Some have suggested an unprecedented and immediate lowering of the federal funds rate by 100 basis points. Still, the federal reserve has appeared reluctant to move in such dramatic steps, preferring not to either look panicked or use up one of the few remaining items up it’s sleeve, the federal funds rate and the federal discount rate. Because, once the federal reserve takes its rates down that fast, there won’t be much if anything left in the aspirin bottle, and according to some economists, such moves could make matters worse. Others have argued that the federal government should take over the bond insurers themselves. While that might put out that fire and prevent their situation from harming the market further, the markets around the world still seem headed down with their ships taking on so much water so quickly.

Many are saying that the federal reserve and the federal government are behind the curve. That they are simply reacting and reacting too late, rather than being ahead of the curve and taking steps that will prevent the problems in the financial markets from becoming worse.

Clearly, the federal reserve is acting to put out some pretty nasty fires. Just when you thought the banks and other financial institutions were in enough of a predicament, and that some were just escaping bankruptcy by vast infusions of money from the sovereign funds of other foreign countries, now the risk of bankruptcies or credit rating deterioration of the bond insurers is causing a whole new set of problems.

It may be time for the federal reserve and the federal government to act now as if this country is already in a depression, before it is and solving that mess becomes a bigger problem. One bold solution would be to create a massive jobs and public works program much like was done after the depression of the 1920’s.. This country’s bridges, roads and the rest of its infrastructure is in dire need of repair. So fix the infrastructure and put the country to work doing it.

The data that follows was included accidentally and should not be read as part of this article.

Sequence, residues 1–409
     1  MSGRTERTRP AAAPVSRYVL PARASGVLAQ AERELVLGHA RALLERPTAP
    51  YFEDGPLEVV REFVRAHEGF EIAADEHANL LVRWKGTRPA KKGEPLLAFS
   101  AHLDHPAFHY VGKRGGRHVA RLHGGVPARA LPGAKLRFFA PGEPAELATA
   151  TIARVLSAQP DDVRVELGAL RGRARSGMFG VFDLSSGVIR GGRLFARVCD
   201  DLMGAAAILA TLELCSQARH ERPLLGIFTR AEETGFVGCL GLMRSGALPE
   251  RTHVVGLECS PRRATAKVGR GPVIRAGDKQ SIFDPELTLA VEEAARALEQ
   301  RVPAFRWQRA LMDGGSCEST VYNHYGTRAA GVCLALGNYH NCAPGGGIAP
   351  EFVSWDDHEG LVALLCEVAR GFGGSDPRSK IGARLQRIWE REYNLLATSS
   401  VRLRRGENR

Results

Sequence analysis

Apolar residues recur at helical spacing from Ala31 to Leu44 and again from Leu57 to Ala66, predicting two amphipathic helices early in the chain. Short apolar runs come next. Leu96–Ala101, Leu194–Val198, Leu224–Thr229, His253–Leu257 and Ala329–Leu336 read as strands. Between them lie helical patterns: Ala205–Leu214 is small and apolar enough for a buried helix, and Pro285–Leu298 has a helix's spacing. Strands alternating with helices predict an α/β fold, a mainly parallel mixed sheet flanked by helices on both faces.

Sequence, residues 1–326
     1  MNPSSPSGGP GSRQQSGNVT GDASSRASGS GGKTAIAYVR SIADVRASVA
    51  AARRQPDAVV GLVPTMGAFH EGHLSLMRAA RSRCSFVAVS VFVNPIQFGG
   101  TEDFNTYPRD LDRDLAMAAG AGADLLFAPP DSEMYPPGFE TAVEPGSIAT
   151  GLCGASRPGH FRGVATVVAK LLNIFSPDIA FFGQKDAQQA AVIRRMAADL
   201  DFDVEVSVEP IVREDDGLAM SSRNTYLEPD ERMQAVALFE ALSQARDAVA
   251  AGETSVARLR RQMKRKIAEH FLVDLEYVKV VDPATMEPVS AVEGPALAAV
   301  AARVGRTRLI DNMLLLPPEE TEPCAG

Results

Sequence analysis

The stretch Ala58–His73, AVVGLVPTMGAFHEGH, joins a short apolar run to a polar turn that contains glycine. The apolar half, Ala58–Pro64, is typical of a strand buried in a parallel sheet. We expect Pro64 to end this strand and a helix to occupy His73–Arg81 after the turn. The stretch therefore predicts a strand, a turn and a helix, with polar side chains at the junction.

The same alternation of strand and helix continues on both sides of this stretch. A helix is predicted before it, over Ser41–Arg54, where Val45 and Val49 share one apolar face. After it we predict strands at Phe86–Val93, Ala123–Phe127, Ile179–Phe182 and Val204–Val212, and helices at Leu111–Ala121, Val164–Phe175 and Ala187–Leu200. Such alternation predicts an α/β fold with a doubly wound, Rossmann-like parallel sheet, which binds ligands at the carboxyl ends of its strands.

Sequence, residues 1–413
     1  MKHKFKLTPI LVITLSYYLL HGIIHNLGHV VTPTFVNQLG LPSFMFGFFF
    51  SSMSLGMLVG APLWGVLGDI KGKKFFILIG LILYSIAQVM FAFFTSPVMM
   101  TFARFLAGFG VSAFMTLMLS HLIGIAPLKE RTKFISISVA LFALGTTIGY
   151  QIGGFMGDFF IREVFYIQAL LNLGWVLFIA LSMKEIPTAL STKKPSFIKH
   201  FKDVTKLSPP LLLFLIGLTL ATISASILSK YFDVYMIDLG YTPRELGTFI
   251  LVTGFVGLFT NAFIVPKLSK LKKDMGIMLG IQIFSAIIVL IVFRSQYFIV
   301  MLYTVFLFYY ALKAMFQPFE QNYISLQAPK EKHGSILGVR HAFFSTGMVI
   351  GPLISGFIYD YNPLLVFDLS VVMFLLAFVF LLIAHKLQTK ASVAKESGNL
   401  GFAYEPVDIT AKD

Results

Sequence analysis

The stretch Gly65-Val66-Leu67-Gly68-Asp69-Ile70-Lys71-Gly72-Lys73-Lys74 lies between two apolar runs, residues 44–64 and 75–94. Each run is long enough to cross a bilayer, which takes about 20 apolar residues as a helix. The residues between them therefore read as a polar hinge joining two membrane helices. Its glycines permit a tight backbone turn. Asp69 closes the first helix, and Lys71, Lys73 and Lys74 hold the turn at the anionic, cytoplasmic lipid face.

With so many contractors and laborers who were previously employed in the construction industry out of work, put them to work as well as millions of others in renewing and replacing this country’s infrastructure. Determine how many billions or trillions of dollars it will take to solve one of this country’s biggest problems and solve it by preventing a depression before one takes effect. If we need some money for the project, then by Executive Order or by act of Congress, roll back all of the pork projects Congress has voted for in the last eight years alone, and we may have money to spare. If that’s not enough, pull our troops out of harm’s way. If that’s not enough, stop using tax money to pay for election advertisements. If that’s not enough, get rid of some government agencies once and for all. Because if we don’t stop this spending taxpayer money on pork projects instead of fixing what’s wrong in this country, a lot more things may go wrong. As some would remind us, as bad as things get, they can always get worse.

As a postscript, the federal reserve lowered both the federal funds rate and the discount rate by 75 basis points on January 22nd, but the Dow still fell 128 points, the Nasdaq 47 points and the S & P fell 14 points.